Humanity’s First Family Dinner

It is a truth universally acknowledged that one cannot avoid drama at a large family gathering. Within your nuclear family unit, you’ve learned to coexist; you can manage the emotions in that group. But once a year or so, you have to attend a gathering of all the relatives, and you can’t… get… out of it.

For many Americans, that event is Thanksgiving. For others, it may be Passover, Christmas, Divali, or Iftar. The menus differ, but family dynamics are surprisingly universal.

You arrive, happy to see everyone, but your appetizers taste of cheese and dread. Not ten minutes in, you’re trying desperately to sneak out to the car as your uncle sounds off on how millennials are lazy and then asks if you’re still working that part-time job and writing your novel. Yes, Uncle Joe. Thanks for bringing it up. As he explains to you that you should really consider a field that offers benefits, your ex-military grandpa and your cousin–a freshman at Oberlin–start bickering about the Dakota Access Pipeline. It’s on.

Now the meal is underway, and your mom just can’t help but bring up deadbeat Cousin Layla. Shocking no one, half the table takes the bait and the old grudge is reignited. Pass the potatoes. Don’t engage… One more thing will set this all ablaze. Just then, your sister shows up late with her new boyfriend… who is black. You gulp down the rest of your wine and pray that Grandma’s cataracts have severely worsened in the last forty minutes.

We are now all dealing with this feeling on a global scale, all the time. I like to think of this unique moment in history as Humanity’s First Family Dinner.

Even a generation ago, it was easy to go your entire life without meeting anyone different from you. You grew up in one place, surrounded by people you understood, people you could predict, people who shared your culture and behaved just like you do. You got a job there and raised a family there. It was all, for the most part, quite comfortable.  

Practically overnight, in human history terms, we found ourselves living in a world in which globalization and the internet have thrust us into direct contact with people from every culture. It’s messy, it’s noisy, and it feels like we’ll never witness a productive Facebook thread in this lifetime.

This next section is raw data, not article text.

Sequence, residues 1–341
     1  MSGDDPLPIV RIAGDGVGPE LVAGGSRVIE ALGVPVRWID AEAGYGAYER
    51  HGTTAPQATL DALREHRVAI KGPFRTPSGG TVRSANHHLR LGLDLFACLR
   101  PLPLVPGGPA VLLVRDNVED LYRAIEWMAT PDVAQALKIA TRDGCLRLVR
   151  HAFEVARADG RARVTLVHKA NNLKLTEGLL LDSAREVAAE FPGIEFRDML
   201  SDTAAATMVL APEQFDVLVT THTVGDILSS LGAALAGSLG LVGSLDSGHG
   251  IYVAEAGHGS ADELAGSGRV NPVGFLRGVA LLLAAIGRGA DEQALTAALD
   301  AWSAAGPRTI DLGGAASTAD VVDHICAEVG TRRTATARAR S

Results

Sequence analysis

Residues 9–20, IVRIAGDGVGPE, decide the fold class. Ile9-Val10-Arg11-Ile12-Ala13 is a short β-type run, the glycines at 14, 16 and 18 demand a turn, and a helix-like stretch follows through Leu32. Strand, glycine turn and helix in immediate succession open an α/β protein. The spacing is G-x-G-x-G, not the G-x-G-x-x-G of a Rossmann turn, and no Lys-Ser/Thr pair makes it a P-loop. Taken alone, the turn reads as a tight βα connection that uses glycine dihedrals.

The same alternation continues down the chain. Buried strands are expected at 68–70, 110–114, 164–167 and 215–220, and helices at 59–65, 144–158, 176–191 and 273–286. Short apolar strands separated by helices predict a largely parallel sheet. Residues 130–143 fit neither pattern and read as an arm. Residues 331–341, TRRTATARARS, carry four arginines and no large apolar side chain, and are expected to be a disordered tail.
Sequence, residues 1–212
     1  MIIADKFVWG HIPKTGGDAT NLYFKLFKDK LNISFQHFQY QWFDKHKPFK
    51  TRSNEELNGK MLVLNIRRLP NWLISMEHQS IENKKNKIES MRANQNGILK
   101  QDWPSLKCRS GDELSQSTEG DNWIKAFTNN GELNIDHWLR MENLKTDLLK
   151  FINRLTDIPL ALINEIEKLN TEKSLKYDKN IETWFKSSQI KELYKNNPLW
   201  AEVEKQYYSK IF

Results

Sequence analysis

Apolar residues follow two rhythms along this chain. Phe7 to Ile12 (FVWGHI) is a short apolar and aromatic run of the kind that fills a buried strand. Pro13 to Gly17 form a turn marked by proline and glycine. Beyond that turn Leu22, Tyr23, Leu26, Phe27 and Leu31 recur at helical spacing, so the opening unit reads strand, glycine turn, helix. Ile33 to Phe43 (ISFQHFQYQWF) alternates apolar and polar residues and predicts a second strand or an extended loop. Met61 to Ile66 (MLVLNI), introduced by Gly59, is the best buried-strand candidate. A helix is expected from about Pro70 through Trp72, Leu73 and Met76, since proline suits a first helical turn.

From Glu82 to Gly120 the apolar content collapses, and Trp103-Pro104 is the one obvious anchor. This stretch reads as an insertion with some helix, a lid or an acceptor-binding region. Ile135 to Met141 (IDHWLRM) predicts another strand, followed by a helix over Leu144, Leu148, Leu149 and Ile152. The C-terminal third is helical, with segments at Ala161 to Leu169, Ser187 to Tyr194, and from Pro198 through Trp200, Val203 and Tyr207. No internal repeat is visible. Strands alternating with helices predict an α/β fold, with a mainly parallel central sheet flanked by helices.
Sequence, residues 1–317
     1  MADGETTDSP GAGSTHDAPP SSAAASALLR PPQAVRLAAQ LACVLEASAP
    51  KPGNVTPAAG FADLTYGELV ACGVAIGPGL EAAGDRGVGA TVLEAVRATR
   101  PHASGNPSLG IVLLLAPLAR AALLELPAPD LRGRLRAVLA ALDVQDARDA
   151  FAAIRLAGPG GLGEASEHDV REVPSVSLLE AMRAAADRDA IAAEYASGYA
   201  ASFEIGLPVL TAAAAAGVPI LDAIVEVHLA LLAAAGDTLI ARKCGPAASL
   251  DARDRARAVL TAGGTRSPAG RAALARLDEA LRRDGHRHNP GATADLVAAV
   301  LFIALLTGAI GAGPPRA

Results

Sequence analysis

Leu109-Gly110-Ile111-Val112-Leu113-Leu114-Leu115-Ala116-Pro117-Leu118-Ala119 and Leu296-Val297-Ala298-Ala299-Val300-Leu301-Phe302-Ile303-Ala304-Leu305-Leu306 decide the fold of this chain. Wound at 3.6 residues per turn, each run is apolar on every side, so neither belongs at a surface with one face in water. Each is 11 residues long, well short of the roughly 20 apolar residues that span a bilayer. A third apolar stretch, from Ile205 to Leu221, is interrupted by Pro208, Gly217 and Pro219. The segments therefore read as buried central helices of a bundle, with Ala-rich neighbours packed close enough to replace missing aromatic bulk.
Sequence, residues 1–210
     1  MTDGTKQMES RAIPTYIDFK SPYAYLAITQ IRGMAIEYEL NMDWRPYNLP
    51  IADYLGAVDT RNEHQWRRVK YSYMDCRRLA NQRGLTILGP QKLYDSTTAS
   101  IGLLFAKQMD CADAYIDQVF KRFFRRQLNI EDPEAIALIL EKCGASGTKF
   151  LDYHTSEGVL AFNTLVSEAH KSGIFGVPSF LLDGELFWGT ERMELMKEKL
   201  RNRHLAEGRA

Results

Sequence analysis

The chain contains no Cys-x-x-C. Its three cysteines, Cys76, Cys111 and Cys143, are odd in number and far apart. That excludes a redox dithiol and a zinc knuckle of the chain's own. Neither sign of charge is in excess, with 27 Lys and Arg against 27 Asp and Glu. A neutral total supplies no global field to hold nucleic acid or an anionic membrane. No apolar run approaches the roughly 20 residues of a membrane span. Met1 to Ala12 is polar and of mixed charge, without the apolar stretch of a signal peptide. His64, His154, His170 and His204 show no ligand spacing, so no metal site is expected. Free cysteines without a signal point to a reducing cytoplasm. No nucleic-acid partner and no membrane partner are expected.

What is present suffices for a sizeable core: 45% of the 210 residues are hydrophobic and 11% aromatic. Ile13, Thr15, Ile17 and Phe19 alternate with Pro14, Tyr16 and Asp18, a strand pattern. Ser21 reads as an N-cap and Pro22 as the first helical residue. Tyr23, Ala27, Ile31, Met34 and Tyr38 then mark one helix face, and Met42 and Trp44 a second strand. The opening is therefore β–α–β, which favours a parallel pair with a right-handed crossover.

Your nuclear family is like your own culture. But now we’re all connected, which means for the first time, you’re at dinner with every culture from around the globe. And if you want to stay relevant in the 21st century, this is one dinner from which you cannot uninvite yourself.

So what can you do? Well, the way to survive Thanksgiving is to empathize. Hard. You know your dad’s military values, and you know your cousin’s identity is wrapped up in being a social justice warrior. You can understand what made each of them this way. Armed with that, you have a secret weapon: the ability to talk to them in a way they can actually hear.

The same can be done with strangers. That’s the amazing thing about culture. You don’t have to agree with everyone else’s cultural biases and perspectives…but if you learn about them, then the way those strangers make decisions and see the world will start to make a lot more sense. And then we can all start to talk it out and make kintsugi from these different perspectives.

It’s not just nice to do this; you need to do this. In the past, you could stay in your bubble forever and be none the wiser. Today, clinging to your bubble has actual consequences. You’ll be left behind.

That’s dread-inducing, but it’s also exciting. You now have access to all the cultures of the world and the stories of billions of people accumulated over tens of thousands of years. That means new customs, wisdom, and (huzzah) even new cuisine is at your fingertips! The internet is the greatest unifying tool ever invented, but until we understand the power of culture, it will only create deeper divides.

Bottom line? You can’t choose your family. And Thanksgiving isn’t going anywhere either. So instead of faking the flu, let’s show up, dig in, and hear each other’s stories. At the finish line are solutions far better than what any of us could come up with on our own. And hey, maybe there’ll also be pie.

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